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Aomar Boum and Sarah Abrevaya Stein knew the wartime experiences of North African Jews are often overlooked in Holocaust history, so they decided to write a book about it.
“Opening up these stories about North African experiences of the second World War and, in some cases, the Holocaust, can not only teach us about this region, but really change what we know about Holocaust history and Jewish history as a whole, and that is a really profound investment and yield for students, for readers and for academic research,” said Stein, chair of Sephardic studies and director of the Alan D. Leve Center for Jewish Studies at UCLA.
The National Museum of American Jewish History hosted a webinar about the book, “The Holocaust in North Africa,” on April 9. Josh Perelman, NMAJH’s chief curator, interviewed the two scholars about pre-war Jewish life in North Africa, the impact of colonialism and fascism on the region and the research they conducted for the project.
Boum, associate professor of anthropology at UCLA, said most North African countries were under the colonial rule of European powers on the eve of WWII. France controlled Algeria, Tunisia and northern Morocco, Italy controlled Libya and Spain controlled southern Morocco. He estimated between 480,000 and 500,000 Jews lived in these countries.
Stein said these Jews were a diverse population that migrated from different regions, spoke different languages, came from different classes of society and participated in different political movements. Some Jews in urban centers adopted European lifestyles, while others lived more traditionally.
Since the North African countries had Muslim majority populations, as well as settler colonialists from Europe, Jews had varying relationships with their neighbors. Some lived among Muslims and Christians, others stayed in mostly Jewish communities.
Read the complete article at: Jewish Exponent
French leaders are speaking out after graffiti calling for “death to Israel” was found at a university in Paris on Monday.
“This morning, hateful inscriptions, some of an anti-Semitic nature, were discovered on the walls of … the main entrance to the Sciences Po campus in Paris. Management strongly condemns this heinous and cowardly act,” Benedicte Durand, the provisional administrator of Sciences Po university in Paris, said in a statement.
“Faced with these attacks, Sciences Po will continue its fight more than ever against all forms of discrimination and attacks on human dignity,” the administrator continued. “Sciences Po also reiterates its values of openness, debate and plurality of points of view, which will always be at the heart of its university training project, its research and its student life.”
Sciences Po has 14,000 students, nearly half of whom are international students, and is focused on social sciences, including international politics.
Francis Kalifat, president of CRIF, the Jewish council in France, called out the vandalism on Twitter, saying it was “decidedly anti-Semitic” and the “weapon of the weak.”
According to Combat Anti-Semitism, which reported on the graffiti on Monday, the vandals wrote anti-Semitic slogans and spray-painted the Arabic term for “infidel” at the entrance to the school.
“We are appalled by this vile vandalism and send our support to the Jewish students who are experiencing this hatred,” the group wrote on its Twitter page. “We urge academic institutions that deny the link between contemporary anti-Semitism and anti-Zionism to learn from this incident and adopt the IHRA definition of anti-Semitism in order to prevent students from experiencing such acts of hatred and bigotry on and off campus.”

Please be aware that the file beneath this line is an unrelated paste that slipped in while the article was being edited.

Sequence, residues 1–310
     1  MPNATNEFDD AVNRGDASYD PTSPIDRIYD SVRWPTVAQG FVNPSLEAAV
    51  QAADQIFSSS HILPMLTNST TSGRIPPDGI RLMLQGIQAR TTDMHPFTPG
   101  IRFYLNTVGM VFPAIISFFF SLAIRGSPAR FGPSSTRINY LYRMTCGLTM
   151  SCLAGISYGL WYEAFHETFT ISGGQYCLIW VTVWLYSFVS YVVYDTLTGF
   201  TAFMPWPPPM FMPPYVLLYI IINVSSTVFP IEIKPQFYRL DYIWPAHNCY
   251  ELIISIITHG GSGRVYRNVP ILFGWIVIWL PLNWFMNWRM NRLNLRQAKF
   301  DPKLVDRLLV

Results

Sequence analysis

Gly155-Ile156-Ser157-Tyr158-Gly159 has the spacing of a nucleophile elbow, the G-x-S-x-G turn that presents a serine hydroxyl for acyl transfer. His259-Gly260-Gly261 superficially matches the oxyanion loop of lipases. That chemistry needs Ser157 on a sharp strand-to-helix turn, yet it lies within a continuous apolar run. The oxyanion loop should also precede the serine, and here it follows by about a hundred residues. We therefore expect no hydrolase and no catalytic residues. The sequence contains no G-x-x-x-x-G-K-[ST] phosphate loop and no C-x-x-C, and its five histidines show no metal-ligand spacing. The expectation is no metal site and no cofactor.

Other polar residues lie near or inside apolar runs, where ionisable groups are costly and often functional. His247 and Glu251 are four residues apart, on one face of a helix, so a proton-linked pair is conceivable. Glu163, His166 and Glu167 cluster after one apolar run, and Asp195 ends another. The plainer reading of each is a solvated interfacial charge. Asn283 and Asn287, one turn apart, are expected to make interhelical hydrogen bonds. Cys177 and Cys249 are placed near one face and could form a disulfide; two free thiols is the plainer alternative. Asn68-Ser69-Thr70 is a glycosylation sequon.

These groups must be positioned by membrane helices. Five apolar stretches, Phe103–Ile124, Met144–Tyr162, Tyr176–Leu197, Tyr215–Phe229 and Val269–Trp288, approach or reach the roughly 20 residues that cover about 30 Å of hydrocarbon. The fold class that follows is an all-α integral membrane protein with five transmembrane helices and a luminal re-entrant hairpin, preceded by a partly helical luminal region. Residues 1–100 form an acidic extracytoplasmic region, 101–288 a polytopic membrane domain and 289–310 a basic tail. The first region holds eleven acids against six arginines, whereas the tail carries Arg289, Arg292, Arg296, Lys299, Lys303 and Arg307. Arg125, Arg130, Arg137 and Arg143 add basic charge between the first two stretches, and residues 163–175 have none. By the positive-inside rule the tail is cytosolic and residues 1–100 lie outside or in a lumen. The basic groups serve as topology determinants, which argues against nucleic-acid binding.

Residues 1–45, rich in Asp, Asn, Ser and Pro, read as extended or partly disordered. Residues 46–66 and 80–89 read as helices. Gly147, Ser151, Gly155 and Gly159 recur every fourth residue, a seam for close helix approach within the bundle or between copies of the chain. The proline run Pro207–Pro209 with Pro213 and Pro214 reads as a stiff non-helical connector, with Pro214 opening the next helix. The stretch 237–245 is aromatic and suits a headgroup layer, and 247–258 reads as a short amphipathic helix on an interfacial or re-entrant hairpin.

Frederique Vidal, France’s minister of higher education, research and innovation, also spoke out against the vandalism and vowed to punish those involved in the incident.
Read the complete article at: Cleveland Jewish News
Pembroke Hill School officials are investigating to find out who wrote “KKK” on the side of a student desk — a couple of months after a swastika was found in a classroom on International Holocaust Remembrance Day.
Officials “will take swift and appropriate action when/if we identify who is responsible for this reprehensible act,” Brad Shelley, the head of school, said in a letter to parents on Monday.
“Words cannot convey how disheartened and deeply troubled we are by this, especially in light of all our efforts by many in our community in the area of diversity, equity and inclusion. These actions of hate within our school community must stop.”
The “KKK” written on the desk was discovered Friday and is the latest in a string of incidents that have angered and frustrated several parents, including many who are Jewish. Parents previously told The Star they have witnessed a pattern of anti-Semitic behavior at Pembroke in recent years, including swastikas drawn on a Jewish student’s locker and a bathroom wall.
On Jan. 27, the anniversary of the liberation of the Auschwitz concentration camp, officials at the high school discovered a swastika drawn on a desk, as well an offensive reference toward members of the school’s LGBTQ community. Officials said at the time that they were investigating the incident and would punish whoever was responsible.
On Tuesday, spokeswoman Beth Bryant said, “No, we have not identified who was responsible for the swastika, and it is an ongoing investigation.”
And last summer, a Pembroke teacher posted on Facebook a photo of train tracks leading to Auschwitz with the words: “The horrific truth is … if people were told to get into boxcars to be taken to ‘virus protection camps’ many of them would rush to get in line.”
Read more at: Kansas City